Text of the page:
Health systems have pushed capacity across the country and intensive care units are overwhelmed and unable to admit new COVID-19 patients, many people are now dying at home, experts warn.

Cemeteries are using backhoes to dig hundreds of graves at a time, and Manaus in the heart of the Amazon rainforest is burying the dead in mass graves.

President Bolsonaro is arguing to reopen the economy, despite admitting Brazil is yet to experience its peak and continues to oppose governors and mayors who are renewing stay-at-home recommendations or introducing stricter measures.

SOS Funeral is a public service provided by Manaus City Hall to help low-income families to hold burials. Source: Getty Images

Mexico’s president continues to travel the country

Brazil’s president is not the only leader in Latin America who has played down the severity of the virus, and many countries in the region are not equipped to deal with the pandemic.

Following the first case in Mexico, President Andrés Manuel López Obrador continued to travel the country.

He let his health advisers take the lead on the crisis but kept insisting Mexico’s strong family bonds and work ethic would pull it through.

On Friday, Mexico reported 479 fatalities, the highest one-day death toll to date.

Funeral workers wear protective suit equipment while carrying a coffin of a person who died of COVID-19. Source: Barcroft Media via Getty Images

According to Johns Hopkins data, Mexico has more than 60,000 confirmed cases and 6,000 deaths, however, the Health Department has said the real numbers are most likely higher due to Mexico’s low testing rate.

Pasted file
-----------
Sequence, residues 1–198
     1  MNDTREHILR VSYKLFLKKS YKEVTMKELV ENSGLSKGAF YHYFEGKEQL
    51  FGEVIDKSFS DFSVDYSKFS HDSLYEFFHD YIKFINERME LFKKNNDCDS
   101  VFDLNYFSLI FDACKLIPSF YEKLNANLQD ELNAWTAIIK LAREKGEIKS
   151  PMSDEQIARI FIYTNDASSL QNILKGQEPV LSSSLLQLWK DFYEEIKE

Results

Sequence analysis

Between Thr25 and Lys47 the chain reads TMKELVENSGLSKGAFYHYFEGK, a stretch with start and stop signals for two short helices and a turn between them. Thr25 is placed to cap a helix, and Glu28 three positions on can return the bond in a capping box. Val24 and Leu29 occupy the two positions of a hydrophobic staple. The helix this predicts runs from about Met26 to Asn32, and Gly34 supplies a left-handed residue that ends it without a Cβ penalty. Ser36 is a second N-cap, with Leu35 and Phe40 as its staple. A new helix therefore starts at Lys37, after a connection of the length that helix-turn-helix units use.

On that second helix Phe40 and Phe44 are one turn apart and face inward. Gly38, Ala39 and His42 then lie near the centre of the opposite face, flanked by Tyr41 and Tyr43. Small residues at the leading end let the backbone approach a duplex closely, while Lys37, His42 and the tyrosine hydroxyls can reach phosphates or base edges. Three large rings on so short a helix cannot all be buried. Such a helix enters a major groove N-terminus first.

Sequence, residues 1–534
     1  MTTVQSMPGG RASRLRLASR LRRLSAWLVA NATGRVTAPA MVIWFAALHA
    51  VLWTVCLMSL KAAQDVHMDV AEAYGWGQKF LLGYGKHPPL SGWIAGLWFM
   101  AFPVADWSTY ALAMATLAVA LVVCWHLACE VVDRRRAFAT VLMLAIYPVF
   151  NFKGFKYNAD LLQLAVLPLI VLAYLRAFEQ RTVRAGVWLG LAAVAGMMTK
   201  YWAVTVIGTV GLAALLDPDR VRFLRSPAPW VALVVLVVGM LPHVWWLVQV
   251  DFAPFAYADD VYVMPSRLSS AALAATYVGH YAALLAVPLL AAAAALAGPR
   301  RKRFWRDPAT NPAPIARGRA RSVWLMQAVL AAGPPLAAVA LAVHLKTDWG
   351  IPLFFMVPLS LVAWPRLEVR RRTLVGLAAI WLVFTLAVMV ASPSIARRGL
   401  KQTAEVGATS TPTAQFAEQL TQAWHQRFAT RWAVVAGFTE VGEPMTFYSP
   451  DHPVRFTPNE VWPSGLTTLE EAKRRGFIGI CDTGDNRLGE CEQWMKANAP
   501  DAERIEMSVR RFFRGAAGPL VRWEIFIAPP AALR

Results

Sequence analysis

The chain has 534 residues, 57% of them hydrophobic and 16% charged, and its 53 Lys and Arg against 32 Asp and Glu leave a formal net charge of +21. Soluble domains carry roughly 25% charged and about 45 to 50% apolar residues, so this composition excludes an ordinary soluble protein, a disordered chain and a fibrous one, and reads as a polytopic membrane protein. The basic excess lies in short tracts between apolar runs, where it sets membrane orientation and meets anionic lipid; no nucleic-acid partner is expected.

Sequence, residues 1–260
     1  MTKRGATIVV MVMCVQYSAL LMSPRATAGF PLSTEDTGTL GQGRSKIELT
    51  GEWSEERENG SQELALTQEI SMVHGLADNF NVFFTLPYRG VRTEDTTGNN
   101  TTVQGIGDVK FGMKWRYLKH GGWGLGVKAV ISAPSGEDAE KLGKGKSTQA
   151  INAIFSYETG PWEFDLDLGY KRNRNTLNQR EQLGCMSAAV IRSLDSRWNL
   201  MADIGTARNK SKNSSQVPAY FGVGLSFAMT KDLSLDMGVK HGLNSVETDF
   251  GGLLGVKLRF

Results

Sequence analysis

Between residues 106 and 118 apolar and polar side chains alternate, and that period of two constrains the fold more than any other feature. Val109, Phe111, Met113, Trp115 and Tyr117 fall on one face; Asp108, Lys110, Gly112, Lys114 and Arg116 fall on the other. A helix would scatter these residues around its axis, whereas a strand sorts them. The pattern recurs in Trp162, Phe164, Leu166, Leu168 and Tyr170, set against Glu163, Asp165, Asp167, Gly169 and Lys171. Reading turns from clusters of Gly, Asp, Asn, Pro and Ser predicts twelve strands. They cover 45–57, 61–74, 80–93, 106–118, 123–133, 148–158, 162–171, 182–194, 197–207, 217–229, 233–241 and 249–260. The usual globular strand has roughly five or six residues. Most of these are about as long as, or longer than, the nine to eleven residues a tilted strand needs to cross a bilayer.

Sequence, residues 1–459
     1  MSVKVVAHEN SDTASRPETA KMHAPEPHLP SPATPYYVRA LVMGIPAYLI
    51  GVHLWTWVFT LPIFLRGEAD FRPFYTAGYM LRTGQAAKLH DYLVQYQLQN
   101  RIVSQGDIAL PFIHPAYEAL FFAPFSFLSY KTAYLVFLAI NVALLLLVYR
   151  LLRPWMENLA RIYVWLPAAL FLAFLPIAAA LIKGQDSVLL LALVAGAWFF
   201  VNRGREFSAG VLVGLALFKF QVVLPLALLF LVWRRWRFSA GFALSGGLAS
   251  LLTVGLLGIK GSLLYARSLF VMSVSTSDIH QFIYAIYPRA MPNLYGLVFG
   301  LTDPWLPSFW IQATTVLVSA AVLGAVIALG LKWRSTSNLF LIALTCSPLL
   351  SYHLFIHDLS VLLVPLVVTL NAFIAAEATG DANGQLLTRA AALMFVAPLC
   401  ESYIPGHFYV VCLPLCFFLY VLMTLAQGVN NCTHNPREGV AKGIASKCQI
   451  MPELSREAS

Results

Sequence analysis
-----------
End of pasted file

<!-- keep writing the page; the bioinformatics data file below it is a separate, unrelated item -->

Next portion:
The Mexican government has moved to restart the economy – prior to the pandemic, the country was already struggling with a recession.

While at the San Cristobal Mauseleum in the Mexico City, business has doubled.

“The crematoriums are saturated,” manager Armando Sepulveda told the Associated Press.

“All of the ovens don’t have that capacity.”

As the coronavirus spreads into the heart of the Amazon jungle, residents are placing signs on their homes to show they are suffering.

Colombian authorities suggest Brazil is to blame for a sudden rise in infections, and the shared border is now militarised on the orders of President Iván Duque.

A woman and two girls wear face masks, as a preventive measure against the spread of the novel coronavirus. Source: Getty Images

The Colombian town of Leticia, which lies along the Amazon River at the border of Brazil and Peru, has nearly 1,300 cases.

Residents reeling from the illness and a loss of income are placing red cloth flags outside homes with tin roofs to show they are going hungry.

Colombia has been in lockdown for nearly two months and nearly 20,000 people have been confirmed to have COVID-19.

Meanwhile, in Chile’s capital, Santiago, more than 90 per cent of ICU beds were full last week, and in Peru, which has more than 110,000 confirmed cases, there is only 2.5 intensive-care beds per 100,000 people.

“We’re in bad shape,” said Pilar Mazzetti, head of the Peruvian government’s COVID-19 task force.

“This is war.”

– With Associated Press

Do you have a story tip? Email: newsroomau@yahoonews.com.

You can also follow us on FacebookInstagram and Twitter and download the Yahoo News app from the App Store or Google Play.